after all this is really what the WAI group has to address anyways. I hope
this clears up where I might have mislead people.

Rich



Rich Schwerdtfeger
Lead Architect, IBM Special Needs Systems
EMail/web: schwer@us.ibm.com http://www.austin.ibm.com/sns/rich.htm

"Two roads diverged in a wood, and I -
I took the one less traveled by, and that has made all the difference.",
Frost


menovak@facstaff.wisc.edu (mark novak) on 12/03/99 07:23:05 PM

To:   w3c-wai-ua@w3.org
cc:   ij@w3.org, jongund@ux1.cso.uiuc.edu, Richard
      Schwerdtfeger/Austin/IBM@IBMUS
Subject:  Re:Re: System API checkpoint issue




see comment at MN2 below:

>MSAA *does* rely on an offscreen model to provide access to text in
>documents and many other custom contols. For simple buttons and menu items
>it does allow you to get access to the text but that is not enough by a
>long shot.

MN2:  my comment is correct at stated.  I felt your reply to Ian was
misleading,
if Mozilla is truely using "standard" controls when on the windows
platform,
that information is available thru MSAA, and *does not* require an
Off-Screen Model.   MSAA can also provide more information than just the
"text" for standard controls.  As for what is defined by "enough", I think
that depends
entirely upon a user's needs.

Now, If you want to change that to "custom" controls on the windows
platform, I already
stated in an earlier email, that is a more general accessibility problem,
and
one which I hope *someone* is encouraging Mozilla development team to
avoid.  If the Mozilla development team is going to provide custom controls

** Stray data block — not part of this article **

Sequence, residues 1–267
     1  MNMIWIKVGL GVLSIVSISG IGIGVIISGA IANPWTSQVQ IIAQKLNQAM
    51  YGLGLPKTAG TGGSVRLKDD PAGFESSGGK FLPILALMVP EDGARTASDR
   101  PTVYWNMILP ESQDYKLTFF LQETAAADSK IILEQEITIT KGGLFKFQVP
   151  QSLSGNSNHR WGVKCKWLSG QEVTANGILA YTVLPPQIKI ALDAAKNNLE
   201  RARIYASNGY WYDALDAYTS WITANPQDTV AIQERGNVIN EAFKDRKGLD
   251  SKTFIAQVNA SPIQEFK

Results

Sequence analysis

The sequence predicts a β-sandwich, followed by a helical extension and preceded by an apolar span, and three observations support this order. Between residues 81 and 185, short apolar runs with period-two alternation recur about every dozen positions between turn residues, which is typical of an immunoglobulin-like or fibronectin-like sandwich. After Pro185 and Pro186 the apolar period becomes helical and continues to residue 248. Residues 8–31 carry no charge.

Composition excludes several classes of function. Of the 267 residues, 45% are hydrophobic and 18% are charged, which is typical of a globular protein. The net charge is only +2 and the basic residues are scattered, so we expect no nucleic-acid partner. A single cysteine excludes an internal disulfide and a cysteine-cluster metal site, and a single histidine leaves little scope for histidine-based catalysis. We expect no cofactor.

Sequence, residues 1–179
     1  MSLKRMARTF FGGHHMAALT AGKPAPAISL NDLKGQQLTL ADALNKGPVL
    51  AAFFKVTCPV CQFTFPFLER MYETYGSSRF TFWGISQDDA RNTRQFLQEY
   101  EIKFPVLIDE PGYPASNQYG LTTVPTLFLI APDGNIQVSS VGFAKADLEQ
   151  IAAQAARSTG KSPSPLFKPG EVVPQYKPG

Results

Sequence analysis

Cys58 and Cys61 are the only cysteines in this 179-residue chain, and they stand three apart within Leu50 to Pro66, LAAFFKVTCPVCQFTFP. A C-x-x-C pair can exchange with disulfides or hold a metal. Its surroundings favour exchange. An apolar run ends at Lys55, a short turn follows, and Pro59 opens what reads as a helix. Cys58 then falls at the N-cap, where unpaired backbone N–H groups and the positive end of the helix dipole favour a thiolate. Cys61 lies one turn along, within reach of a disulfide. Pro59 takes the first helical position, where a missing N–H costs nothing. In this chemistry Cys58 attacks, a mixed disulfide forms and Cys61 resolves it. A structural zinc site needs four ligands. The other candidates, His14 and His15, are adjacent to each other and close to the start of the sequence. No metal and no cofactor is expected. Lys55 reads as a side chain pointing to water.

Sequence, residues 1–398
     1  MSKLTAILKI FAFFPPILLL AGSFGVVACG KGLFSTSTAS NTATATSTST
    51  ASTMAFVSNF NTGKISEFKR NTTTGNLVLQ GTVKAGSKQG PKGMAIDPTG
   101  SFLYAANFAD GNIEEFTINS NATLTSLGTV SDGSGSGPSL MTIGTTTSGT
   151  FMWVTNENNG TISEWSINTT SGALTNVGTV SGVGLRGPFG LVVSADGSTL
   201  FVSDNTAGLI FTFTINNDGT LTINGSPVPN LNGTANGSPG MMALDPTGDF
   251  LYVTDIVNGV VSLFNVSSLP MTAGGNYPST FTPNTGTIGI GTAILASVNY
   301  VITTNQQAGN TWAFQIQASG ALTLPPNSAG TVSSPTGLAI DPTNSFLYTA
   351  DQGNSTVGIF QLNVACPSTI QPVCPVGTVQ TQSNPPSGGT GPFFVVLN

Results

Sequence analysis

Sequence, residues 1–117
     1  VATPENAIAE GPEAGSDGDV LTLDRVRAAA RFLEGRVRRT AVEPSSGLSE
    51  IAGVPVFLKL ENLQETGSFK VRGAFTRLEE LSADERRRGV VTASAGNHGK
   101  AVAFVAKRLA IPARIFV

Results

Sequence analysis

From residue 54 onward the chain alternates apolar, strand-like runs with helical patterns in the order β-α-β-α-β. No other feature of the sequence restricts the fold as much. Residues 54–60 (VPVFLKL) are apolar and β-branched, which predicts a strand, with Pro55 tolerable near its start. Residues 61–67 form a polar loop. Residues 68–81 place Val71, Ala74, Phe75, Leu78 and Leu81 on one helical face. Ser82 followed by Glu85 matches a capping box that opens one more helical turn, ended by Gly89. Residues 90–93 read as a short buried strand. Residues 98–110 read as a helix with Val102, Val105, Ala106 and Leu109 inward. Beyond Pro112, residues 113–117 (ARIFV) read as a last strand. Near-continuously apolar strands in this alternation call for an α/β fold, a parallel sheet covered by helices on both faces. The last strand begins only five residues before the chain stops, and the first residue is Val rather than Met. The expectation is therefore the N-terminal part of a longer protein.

that are not accessible to MSAA on the windows platform, then by all means
I
think it is also their responsibility to make sure those controls are
accessible.

As for accessing the text in doc., I wasn't implying to use MSAA to do
that.  I would
continue to use the DOM, for UAs, as you've stated.


> A miracle has not happened here yet.
>
>Rich

>menovak@facstaff.wisc.edu (mark novak) on 12/03/99 12:54:24 PM
>
>To:   w3c-wai-ua@w3.org
>cc:   Richard Schwerdtfeger/Austin/IBM@IBMUS, ij@w3.org,
>      jongund@ux1.cso.uiuc.edu
>Subject:  Re:Re: System API checkpoint issue
>
>
>
>
>see one comment at MN below:
>
>
>>I will check into this some more, but I am told that the DOM API
>>implemented by the Mozilla group is the W3C DOM Specification (at least
as
>>much as the IE is and perhaps more).
>>
>>However, I would strongly disagree that if a company is working to
develop
>>a consistent cross-platform solution based on W3C specifications that
they
>>are not compliant. Especially if they can document how an assistive
>>technology can connect with the user agent.
>>
>>If Mozilla is willing to create a cross-platform accessible solution
based
>>on W3C standards we should support them. The other problem you have is
>that
>>MSAA is still reliant on an offscreen model. A DOM-based solution should
>>not be.
>>Rich
>
>MN:    I need to do a lot of email reading to catch up to the root or
>source of
>this discussion, but one thing that caught my attention directly is the
>comment
>that "MSAA is still reliant on an offscreen model".
>
>Please note, MSAA *does not* require an Off-Screen Model for the